Air quality along the Wasatch front this week has reached levels above what the federal government deems safe, and doctors at Intermountain Medical Center say they are already hearing a lot of related health complaints from their patients.
Among those seeing a spike in patients is Denitza Blagev, pulmonary and critical care physician at Intermountain Medical Center. Common symptoms include chest tightness, chest burning, and shortness of breath.
“We’re seeing more patients who have symptoms, we’re seeing more people come to urgent care, more people come to clinic with complaints, more people call us with complaints,” Blagev says. “For people who are really sick and coming to the ICU, the air quality seems to be the final straw in addition to viral illnesses, but certainly the air quality is affecting a lot of people.”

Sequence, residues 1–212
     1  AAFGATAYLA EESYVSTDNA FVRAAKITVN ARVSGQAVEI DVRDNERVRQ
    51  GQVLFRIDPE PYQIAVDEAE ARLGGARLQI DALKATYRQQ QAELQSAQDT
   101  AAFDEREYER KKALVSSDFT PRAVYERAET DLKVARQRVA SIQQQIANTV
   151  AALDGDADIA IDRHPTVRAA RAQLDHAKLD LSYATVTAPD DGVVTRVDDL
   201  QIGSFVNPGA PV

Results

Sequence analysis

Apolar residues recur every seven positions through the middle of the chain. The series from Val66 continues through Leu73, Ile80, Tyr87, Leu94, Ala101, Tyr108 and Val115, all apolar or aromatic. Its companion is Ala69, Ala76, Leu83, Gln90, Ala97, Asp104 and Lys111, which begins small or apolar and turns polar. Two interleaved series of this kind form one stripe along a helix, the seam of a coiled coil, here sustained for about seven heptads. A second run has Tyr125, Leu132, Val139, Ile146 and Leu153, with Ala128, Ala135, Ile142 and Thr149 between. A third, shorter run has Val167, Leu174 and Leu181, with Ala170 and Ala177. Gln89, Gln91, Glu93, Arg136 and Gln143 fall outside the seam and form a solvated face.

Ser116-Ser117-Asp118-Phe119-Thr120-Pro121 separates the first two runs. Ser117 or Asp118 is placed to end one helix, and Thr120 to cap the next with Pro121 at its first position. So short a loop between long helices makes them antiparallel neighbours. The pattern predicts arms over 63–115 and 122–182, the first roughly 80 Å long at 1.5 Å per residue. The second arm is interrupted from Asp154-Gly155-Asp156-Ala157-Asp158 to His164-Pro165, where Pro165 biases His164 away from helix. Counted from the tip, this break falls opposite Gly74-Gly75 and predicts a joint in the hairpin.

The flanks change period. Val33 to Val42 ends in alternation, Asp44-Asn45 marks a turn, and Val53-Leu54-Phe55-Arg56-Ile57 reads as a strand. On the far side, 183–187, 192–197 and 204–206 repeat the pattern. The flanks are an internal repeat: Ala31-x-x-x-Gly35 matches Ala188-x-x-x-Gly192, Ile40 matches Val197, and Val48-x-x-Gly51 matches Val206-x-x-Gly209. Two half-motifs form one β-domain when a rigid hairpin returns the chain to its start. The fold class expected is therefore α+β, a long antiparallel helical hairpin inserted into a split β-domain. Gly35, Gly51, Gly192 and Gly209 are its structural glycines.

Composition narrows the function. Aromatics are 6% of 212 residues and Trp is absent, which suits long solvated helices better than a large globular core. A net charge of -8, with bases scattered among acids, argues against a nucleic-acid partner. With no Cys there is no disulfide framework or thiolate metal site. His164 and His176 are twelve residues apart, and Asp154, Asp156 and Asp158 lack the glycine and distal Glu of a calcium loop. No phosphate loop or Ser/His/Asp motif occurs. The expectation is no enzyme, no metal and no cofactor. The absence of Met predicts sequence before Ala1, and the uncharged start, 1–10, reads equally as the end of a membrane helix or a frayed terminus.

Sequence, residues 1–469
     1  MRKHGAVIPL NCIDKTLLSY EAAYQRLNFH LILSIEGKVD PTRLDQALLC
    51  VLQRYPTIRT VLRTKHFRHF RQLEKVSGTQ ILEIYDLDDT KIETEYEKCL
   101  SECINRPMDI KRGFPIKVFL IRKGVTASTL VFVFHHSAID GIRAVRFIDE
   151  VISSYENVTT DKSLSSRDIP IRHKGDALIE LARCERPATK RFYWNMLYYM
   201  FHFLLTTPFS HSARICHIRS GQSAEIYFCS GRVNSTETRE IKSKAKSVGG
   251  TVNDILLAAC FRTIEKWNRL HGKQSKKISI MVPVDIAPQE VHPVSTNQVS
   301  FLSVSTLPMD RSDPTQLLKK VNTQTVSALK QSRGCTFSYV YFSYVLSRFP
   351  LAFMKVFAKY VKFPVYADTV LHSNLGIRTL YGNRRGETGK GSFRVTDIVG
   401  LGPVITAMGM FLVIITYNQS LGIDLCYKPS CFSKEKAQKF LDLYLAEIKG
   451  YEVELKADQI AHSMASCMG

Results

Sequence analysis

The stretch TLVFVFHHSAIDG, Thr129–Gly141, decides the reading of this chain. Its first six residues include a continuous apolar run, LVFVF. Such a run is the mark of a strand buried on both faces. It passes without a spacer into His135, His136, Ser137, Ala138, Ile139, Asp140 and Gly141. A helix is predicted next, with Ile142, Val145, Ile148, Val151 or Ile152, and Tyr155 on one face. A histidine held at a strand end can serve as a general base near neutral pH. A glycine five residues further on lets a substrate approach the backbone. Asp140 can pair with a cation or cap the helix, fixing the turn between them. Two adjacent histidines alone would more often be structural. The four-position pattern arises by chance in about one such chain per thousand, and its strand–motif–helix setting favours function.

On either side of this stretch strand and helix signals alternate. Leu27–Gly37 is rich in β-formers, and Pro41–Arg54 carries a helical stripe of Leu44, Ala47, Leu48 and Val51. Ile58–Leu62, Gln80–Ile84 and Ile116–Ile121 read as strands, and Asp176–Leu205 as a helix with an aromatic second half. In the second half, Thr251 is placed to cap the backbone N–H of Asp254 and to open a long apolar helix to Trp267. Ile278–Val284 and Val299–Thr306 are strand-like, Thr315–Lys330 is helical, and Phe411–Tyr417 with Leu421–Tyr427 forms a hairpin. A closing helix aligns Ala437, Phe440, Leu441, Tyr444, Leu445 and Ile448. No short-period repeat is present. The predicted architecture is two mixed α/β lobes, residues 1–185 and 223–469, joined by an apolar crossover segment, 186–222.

Blagev says the people who are most affected by the inversions are people who have heart or lung disease. The very elderly and the very young are also affected disproportionately. She says in the long term, there is evidence that those who do not fall in these sensitive groups may also be affected.
“There are good studies now that show that people living in areas of air pollution are at a higher risk of dying younger, developing a variety of heart and lung disease,” Glagev says.
Intermountain doctors say the best way to protect yourself during an inversion is to stay inside, and to avoid exercising outdoors. Going to higher elevations if possible can help. For those in sensitive groups, take medications as directed and consult your doctor about an action plan during winter inversion conditions. Doctors are also recommending that the community work together to reduce emissions, by limiting car usage, log burning, and industrial pollution.